Border Patrol Struggles To Keep Newly Hired Agents

By: Associated Press
By: Associated Press

IMPERIAL BEACH, Calif. (AP) - Law enforcement officers wanted:
must work graveyard shifts alone in remote towns along the Mexican
border, put in long hours and perform well in triple-digit
temperatures.
That message is never touted in U.S. Border Patrol recruitment
brochures, but the sobering reality of working on the border has
created an environment in which about 30 percent of agents leave
their jobs in less than 18 months.
The Border Patrol's struggle to keep new hires has become more
evident as the agency comes close to meeting President Bush's
target of 18,000 agents by the end of the year, up from 12,000 two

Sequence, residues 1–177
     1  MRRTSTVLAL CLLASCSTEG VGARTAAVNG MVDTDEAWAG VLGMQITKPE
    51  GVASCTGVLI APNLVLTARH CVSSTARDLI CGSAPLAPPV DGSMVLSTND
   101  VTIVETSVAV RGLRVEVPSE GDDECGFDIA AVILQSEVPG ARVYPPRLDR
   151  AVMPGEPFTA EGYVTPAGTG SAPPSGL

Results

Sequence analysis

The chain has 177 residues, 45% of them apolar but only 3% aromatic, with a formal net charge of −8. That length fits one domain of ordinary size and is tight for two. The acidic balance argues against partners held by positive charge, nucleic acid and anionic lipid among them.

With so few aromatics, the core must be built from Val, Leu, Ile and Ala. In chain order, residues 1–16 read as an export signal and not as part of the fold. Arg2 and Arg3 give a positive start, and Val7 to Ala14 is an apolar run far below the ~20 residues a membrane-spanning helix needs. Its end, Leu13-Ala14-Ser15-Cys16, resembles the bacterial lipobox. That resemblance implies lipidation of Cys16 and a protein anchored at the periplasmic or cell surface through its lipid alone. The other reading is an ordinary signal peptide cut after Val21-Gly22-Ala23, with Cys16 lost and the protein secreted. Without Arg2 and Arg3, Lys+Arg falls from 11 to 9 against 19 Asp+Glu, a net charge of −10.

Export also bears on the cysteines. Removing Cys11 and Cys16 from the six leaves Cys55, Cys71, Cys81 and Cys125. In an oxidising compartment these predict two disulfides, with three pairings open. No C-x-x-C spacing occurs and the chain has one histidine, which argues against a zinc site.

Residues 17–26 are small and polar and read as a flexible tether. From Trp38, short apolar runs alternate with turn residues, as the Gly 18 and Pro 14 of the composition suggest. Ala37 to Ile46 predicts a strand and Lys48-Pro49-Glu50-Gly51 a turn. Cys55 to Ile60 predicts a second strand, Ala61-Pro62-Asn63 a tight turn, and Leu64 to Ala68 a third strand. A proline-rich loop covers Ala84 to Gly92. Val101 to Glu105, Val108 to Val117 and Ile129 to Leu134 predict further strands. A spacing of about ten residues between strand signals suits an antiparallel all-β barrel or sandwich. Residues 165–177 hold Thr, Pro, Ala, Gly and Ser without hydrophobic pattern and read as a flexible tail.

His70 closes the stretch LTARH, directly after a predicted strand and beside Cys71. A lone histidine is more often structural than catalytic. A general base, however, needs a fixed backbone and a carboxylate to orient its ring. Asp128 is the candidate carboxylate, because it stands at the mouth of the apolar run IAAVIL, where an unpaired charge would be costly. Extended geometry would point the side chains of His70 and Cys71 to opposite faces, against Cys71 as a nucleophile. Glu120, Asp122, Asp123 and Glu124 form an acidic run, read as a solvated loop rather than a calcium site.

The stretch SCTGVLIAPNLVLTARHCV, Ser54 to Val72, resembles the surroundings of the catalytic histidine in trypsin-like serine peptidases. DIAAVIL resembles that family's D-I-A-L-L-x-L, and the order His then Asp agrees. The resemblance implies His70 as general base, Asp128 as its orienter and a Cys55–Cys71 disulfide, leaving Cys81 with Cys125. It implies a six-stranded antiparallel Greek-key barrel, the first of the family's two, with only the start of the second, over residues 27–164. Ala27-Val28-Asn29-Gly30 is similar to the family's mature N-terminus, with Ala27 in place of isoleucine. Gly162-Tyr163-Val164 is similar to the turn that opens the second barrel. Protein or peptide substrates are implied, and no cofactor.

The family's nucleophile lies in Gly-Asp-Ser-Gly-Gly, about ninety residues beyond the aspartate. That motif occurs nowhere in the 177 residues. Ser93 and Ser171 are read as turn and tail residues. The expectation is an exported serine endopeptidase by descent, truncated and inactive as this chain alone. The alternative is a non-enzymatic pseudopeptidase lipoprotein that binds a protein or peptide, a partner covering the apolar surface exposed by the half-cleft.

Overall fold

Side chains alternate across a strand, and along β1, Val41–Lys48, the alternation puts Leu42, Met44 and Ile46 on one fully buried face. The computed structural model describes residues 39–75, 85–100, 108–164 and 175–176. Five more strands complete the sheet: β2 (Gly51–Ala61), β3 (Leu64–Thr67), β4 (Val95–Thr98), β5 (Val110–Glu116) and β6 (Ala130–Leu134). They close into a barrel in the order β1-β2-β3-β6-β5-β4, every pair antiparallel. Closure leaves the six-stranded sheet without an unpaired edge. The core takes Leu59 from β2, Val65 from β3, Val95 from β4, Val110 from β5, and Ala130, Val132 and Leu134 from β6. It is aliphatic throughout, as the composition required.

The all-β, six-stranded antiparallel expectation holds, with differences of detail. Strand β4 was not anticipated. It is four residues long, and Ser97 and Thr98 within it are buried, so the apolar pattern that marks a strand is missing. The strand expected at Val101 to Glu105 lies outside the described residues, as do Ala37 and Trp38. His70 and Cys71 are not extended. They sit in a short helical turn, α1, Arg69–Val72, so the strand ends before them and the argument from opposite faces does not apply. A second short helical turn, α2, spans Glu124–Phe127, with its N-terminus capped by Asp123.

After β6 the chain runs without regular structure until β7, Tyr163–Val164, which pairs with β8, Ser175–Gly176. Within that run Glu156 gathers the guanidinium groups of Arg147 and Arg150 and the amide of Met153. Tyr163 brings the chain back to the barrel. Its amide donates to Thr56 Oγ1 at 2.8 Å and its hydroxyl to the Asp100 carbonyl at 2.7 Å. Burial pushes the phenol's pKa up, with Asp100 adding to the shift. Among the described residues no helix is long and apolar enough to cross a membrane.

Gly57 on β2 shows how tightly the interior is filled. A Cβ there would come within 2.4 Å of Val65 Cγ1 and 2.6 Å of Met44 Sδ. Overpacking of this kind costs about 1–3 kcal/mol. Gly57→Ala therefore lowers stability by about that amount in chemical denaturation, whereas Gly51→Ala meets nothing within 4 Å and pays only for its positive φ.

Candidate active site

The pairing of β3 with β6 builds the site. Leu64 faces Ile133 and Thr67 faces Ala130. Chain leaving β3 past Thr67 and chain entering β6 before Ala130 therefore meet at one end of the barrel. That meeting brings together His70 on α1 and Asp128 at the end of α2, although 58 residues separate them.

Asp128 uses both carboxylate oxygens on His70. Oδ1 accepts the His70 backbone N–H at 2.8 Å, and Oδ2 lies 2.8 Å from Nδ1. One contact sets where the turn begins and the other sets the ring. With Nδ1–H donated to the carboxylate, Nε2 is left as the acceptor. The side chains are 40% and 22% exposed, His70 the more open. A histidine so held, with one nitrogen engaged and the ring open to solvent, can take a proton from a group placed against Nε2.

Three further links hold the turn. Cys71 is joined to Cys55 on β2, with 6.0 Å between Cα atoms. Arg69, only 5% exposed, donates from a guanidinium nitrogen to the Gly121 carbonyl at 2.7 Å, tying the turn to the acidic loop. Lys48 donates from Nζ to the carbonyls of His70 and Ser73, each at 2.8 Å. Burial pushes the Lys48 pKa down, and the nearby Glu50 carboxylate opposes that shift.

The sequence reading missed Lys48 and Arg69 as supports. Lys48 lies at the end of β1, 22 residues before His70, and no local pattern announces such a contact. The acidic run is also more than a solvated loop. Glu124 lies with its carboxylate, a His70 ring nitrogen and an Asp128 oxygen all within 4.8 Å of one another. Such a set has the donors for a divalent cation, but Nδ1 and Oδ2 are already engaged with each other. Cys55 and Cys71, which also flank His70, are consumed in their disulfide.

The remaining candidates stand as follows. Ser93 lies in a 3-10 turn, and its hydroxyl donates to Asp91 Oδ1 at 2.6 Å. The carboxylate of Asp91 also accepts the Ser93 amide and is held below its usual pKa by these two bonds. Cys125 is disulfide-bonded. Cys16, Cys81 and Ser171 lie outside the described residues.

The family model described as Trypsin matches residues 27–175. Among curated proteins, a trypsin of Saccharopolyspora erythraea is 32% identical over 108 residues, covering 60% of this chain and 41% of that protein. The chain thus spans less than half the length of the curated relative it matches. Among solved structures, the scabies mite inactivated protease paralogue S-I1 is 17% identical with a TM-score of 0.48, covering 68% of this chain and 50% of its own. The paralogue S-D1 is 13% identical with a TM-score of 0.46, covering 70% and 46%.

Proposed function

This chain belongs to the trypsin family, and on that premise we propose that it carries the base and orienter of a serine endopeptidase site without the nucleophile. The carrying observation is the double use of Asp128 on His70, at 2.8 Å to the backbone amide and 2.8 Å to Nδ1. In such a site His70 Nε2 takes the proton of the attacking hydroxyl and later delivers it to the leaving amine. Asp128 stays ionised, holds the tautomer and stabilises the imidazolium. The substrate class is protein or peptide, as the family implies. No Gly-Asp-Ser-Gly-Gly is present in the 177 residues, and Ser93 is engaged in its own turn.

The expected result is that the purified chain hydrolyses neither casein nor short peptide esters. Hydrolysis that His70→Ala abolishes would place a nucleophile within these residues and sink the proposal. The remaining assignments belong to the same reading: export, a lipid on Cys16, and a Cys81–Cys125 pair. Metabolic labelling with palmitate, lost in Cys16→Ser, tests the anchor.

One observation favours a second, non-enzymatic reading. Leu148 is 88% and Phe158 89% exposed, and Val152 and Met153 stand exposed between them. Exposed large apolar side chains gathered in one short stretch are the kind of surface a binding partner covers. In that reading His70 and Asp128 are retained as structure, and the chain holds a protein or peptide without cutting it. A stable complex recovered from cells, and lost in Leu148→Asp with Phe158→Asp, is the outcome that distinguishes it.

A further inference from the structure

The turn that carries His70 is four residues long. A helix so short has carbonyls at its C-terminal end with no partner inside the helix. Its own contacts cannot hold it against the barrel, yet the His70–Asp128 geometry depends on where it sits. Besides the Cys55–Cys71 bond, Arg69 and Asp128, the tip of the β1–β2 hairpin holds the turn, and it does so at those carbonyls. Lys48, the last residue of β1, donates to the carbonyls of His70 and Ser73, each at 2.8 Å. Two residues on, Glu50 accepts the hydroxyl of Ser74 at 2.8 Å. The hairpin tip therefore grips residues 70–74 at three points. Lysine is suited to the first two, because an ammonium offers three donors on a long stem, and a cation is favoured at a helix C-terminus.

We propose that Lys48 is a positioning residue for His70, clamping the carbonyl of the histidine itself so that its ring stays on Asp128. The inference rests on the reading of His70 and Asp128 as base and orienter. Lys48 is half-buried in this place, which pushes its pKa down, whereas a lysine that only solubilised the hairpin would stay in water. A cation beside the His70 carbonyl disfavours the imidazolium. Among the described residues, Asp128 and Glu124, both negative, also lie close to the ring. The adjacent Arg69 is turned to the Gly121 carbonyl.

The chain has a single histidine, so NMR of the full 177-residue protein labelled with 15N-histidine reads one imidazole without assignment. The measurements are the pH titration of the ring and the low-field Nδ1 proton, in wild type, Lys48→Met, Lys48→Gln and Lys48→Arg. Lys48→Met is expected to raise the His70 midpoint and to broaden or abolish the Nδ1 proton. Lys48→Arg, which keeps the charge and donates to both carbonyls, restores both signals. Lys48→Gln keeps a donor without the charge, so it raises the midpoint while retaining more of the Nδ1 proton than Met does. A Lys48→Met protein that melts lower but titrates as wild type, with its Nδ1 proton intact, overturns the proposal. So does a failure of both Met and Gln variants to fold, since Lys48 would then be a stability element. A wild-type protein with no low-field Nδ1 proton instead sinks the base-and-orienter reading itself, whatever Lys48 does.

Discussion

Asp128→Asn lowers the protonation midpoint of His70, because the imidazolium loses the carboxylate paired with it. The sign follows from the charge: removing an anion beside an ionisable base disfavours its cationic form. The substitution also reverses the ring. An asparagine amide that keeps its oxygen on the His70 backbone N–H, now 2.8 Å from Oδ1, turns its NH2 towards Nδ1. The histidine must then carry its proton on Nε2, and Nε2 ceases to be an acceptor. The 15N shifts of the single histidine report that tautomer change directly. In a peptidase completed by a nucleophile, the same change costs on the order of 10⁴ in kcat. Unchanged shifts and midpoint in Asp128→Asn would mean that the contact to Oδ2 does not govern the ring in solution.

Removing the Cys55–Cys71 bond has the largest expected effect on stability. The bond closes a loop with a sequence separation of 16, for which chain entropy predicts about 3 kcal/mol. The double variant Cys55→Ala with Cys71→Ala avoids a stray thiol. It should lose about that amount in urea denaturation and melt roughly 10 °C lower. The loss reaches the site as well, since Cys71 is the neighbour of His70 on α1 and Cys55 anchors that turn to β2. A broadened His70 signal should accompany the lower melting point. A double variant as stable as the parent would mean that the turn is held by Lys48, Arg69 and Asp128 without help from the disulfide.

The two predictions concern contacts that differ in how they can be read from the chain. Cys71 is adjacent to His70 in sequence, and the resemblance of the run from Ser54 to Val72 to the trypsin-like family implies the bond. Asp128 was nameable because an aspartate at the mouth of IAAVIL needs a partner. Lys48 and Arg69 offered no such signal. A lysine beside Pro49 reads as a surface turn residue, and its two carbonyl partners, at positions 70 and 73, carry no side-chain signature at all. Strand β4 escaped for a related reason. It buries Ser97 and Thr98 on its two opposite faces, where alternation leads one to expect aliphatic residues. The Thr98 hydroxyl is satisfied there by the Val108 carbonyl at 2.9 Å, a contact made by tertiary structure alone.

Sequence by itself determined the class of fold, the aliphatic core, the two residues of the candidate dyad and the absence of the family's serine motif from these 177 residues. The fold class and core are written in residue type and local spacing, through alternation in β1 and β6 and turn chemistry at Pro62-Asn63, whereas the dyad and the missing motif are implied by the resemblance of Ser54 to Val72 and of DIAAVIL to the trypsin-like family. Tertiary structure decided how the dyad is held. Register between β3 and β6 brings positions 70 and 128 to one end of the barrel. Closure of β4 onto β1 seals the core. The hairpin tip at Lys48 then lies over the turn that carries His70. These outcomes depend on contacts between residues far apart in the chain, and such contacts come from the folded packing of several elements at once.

years ago and double the number from eight years ago. The hiring
surge means 42 percent of agents have less than three years on the
job.
The GAO estimates that taxpayers pay $14,700 for each trainee at
the Border Patrol Academy in Artesia, New Mexico. That 2006 figure
doesn't take into account the many additional hours that senior
agents spend training hires during a two-year probationary period.
Money aside, a revolving door means a large percentage of the
force will always be inexperienced.

(Copyright 2008 by The Associated Press. All Rights Reserved.)


KBTX-TV Channel 3 4141 E. 29th Street Bryan, TX 77802 Phone: (979) 846-7777 Fax: (979) 846-1490 News Fax: (979) 846-1888
Copyright © 2002-2015 - Designed by Gray Digital Media - Powered by Clickability 27554449 - kbtx.com/a?a=27554449
Gray Television, Inc.